AP found that the Justice Department used a legal loophole to persuade Nazi suspects to leave the U.S. in exchange for Social Security benefits. If they agreed to go voluntarily, or simply fled the country before being deported, they could keep their benefits. The Justice Department denied using Social Security payments as a way to expel former Nazis.
By March 1999, 28 suspected Nazi criminals had collected $1.5 million in Social Security payments after their removal from the U.S., Social Security Administration records uncovered by AP showed. Since then, AP estimated the amount paid out had grown substantially. That estimate was based on the number of suspects who qualified and the three decades that have passed since the first former Nazis, Arthur Rudolph and John Avdzej, signed agreements that required them to leave the country but ensured their benefits would continue.
Maloney, a senior member of the House Oversight and Government Reform Committee, said the IG's report showed that dozens of alleged and confirmed Nazis actively worked to conceal their true identities from the U.S. government and still received Social Security payments.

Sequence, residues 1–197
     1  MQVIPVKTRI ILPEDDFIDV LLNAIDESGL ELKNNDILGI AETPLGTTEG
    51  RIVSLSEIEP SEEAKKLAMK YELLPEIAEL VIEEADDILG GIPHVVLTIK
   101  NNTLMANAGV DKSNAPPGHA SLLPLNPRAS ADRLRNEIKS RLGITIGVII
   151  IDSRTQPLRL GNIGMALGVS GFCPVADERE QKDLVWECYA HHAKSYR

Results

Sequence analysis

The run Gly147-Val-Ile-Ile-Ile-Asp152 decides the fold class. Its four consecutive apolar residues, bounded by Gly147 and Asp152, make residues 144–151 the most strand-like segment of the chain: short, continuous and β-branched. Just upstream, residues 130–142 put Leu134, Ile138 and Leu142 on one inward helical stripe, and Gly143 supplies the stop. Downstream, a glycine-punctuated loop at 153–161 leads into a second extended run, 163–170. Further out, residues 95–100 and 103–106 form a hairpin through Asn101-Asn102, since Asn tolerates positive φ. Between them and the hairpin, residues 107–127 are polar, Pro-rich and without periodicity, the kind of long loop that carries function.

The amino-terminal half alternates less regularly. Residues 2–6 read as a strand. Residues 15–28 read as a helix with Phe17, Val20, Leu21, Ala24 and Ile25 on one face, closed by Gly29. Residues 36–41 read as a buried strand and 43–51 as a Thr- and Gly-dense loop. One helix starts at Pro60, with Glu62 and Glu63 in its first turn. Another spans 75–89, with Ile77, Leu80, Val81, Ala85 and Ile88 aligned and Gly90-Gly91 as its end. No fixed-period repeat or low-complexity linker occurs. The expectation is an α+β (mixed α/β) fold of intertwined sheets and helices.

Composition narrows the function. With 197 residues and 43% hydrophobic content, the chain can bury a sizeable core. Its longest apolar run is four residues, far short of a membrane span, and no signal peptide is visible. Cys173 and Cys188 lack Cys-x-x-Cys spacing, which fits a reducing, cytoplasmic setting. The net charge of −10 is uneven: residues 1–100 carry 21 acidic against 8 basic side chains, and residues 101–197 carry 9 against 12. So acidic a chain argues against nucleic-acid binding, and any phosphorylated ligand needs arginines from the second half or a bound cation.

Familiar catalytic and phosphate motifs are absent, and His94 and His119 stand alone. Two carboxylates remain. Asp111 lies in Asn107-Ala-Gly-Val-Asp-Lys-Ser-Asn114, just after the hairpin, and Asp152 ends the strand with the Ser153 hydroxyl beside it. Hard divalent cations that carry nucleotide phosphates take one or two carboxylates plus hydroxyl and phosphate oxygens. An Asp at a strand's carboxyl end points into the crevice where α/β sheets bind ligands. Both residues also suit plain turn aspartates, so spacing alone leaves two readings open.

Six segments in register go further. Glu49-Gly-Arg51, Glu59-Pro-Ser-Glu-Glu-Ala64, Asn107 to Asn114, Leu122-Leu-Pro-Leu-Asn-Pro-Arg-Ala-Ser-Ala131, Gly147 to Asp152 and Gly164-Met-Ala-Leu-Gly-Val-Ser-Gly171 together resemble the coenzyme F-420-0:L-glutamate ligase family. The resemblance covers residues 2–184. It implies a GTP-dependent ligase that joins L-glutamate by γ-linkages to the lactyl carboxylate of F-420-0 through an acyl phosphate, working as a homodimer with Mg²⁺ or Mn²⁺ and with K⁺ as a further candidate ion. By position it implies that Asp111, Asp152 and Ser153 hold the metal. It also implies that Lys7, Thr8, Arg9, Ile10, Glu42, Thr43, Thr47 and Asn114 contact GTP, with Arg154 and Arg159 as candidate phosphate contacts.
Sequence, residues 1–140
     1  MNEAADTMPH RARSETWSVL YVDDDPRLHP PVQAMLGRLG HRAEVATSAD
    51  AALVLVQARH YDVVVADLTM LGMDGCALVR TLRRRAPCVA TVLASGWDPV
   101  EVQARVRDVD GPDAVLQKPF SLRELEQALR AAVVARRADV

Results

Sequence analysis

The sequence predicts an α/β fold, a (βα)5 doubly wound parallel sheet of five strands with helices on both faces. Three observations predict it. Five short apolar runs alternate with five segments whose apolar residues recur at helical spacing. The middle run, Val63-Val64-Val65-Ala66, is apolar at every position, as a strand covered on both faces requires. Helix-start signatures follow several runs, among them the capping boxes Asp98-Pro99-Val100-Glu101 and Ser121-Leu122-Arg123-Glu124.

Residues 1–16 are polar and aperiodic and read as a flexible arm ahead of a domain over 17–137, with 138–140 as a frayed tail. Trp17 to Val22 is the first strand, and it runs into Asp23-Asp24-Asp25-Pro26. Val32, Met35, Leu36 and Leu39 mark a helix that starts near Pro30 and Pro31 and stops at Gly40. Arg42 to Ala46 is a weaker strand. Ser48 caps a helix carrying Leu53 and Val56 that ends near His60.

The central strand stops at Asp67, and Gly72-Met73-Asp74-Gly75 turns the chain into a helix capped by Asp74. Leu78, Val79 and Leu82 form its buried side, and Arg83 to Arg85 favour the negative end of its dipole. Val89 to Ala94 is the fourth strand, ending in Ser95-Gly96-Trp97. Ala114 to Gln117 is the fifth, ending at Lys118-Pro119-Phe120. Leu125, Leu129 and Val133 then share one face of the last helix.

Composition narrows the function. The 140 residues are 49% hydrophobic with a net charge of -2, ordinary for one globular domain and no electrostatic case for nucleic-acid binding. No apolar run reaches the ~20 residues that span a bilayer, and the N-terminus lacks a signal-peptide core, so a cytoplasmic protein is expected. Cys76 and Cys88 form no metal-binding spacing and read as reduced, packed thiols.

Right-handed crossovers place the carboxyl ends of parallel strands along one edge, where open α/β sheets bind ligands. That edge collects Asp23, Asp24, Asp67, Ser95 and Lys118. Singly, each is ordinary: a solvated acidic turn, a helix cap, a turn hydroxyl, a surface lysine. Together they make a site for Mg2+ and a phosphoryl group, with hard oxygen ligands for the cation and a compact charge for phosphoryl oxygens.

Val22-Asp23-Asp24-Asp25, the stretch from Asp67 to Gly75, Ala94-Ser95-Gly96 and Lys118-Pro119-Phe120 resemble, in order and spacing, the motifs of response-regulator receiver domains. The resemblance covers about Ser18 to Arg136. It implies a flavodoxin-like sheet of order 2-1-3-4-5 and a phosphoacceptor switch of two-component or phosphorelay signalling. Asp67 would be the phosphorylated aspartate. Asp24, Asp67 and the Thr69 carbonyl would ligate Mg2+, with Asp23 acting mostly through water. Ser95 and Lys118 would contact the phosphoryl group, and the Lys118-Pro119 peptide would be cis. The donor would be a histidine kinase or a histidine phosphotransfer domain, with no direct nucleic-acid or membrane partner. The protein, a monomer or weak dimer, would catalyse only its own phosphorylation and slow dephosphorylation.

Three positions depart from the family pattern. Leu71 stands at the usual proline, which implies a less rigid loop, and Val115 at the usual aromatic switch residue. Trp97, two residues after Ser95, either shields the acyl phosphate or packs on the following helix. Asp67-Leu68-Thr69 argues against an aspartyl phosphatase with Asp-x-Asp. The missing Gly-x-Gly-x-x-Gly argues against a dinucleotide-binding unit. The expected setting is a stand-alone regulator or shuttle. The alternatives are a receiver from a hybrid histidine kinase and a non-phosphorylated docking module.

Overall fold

"We must continue working to remember the tragedy of the Holocaust and hold those responsible accountable," Maloney said. "One way to do that is by providing as much information to the public as possible. This report hopefully provides some clarity."
The inspector general's report used computer-processed data and other internal agency records to develop a comprehensive picture of the total number of Nazi suspects who received benefits and the dollar amounts paid out. The Social Security Administration last year refused AP's request for those figures.
The report said $5.6 million was paid to 38 former Nazis before they were deported. Ninety-five Nazi suspects who were not deported but were alleged or found to have participated in the Nazi persecution received $14.5 million in benefits, according to the report. Of that larger group, nearly half died or fled the country while their cases were pending. Still others settled with the U.S. government and were allowed to stay for health reasons or because they agreed to cooperate with investigators.
The IG criticized the Social Security Administration for improperly paying four beneficiaries $15,658 because it did not suspend the benefits in time. The agency "properly stopped payment" to the four beneficiaries when the new law banning benefits to Nazi suspects went into effect. The agency did, however, continue payments to one suspect because he was not subject to the law.